Of course, there can be a lot of other negatives in a cheap PSU than just the capacitors, for example a low overall efficiency. But when a cheap PSU starts to fail, it's often because of the capacitors, and the failure is often gradual. Meaning, it won't go up in a puff of smoke, it will cause instabilities at first, or even things like file corruption.

The PSU makers tend to adjust their warranty period accordingly, meaning they often won't give more than two or three years of warranty for their cheaper PSU models. In other words, that was the timeframe they deemed comfortable for the quality of capacitors they used and their placement (how much they heat up, since that will shorten their lifespan). When capacitors age, they can't properly do their part in supplying clean power to the components anymore, and can't handle transient (sudden) loads or sustained full load very well. One cheap way for the PSU makers to prevent premature capacitor aging is to use an aggressive fan curve, which will force a lot of air over the components to remove the heat more quickly. Of course that has the downside of being rather noisy.

The final cost-saving trick in PSUs is simple: Leaving out components altogether. This can be a theme throughout the whole PSU: Less input filtering components (which makes it more susceptible to interference), less components that would improve efficiency (which makes it waste more power into heat), less components that handle power (which makes it weaker under load), and even leaving out some protection circuits (which makes it dangerous to itself and your other hardware).

So, building a cheap, but reasonably good and quiet PSU is not easy at all. With five or more years of warranty on a reasonably quiet PSU, the capacitors can't be the cheapest quality, otherwise the manufacturer wouldn't be comfortable with that warranty period. That's why the warranty is one of the good indicators of PSU quality. Basically, a long enough warranty weeds out a lot of the PSUs that will fail too early and thus would be a waste of money anyway. It's better to spend a bit more and have a better, more efficient, longer-lasting PSU that will continue to output clean voltages for years.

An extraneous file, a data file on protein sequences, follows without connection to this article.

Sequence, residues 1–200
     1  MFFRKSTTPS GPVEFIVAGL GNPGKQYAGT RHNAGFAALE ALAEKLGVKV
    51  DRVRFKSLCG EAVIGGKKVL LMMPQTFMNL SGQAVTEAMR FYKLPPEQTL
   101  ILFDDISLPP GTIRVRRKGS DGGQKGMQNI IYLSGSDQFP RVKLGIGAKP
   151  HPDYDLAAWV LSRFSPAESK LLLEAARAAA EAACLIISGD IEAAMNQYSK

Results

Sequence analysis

The issue with assessing the PSU's output quality, or to detect PSU aging: To properly test it, it would need to run on a programmable power source and power meter (for example a CHROMA test station, to create exactly specified loads). Then the PSU's outputs would have to be observed under load with an oscilloscope. Here are photos of such a setup:

https://www.hardwareluxx.de/images/stories/galleries/reviews/nt-roundup-chroma-april12/chroma01.jpg
https://www.hardwareluxx.de/images/stories/galleries/reviews/nt-roundup-chroma-april12/chroma02.jpg
https://www.hardwareluxx.de/images/stories/galleries/reviews/nt-roundup-chroma-april12/chroma03.jpg
https://www.hardwareluxx.de/images/stories/galleries/reviews/nt-roundup-chroma-april12/chroma04.jpg

A good review lab will have such equipment available for PSU testing. Again, i they just use a normal PC to review a PSU, it's not a proper PSU review.

The PSU is the foundation of the entire system. The PSU has to match the other hardware, not just in wattage, but in quality as well. A budget PSU will not be outputting very clean voltages under load, especially not after a couple years of use. If you're building anything other than a cheap office PC and using a bit nicer and/or more powerful components, then those components would be subjected to unnecessary stress with a cheap PSU, not to mention the questionable long-term reliability of that setup. So the PSU, the foundation, it has to be solid for whatever PC is built on top of that.

My other guides:
RAM explained: Why two modules are better than four / single- vs. dual-rank / stability testing
Guide: How to set up a fan curve in the BIOS
 
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rojmiller

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I had a situation where I am reasonably sure that my motherboard at the time actually killed several power supplies. This was back in the AMD Bulldozer era, when I had an FX-8320 processor on a Gigabyte GA-970A-D3 Motherboard. My first power supply was an Antec HCG-620M, which lasted 7 months. They replaced it, and the replacement lasted almost 1 year. This time it was replaced with an Antec EDG650. That one lasted 3 years. They replaced it with a HCG-620M.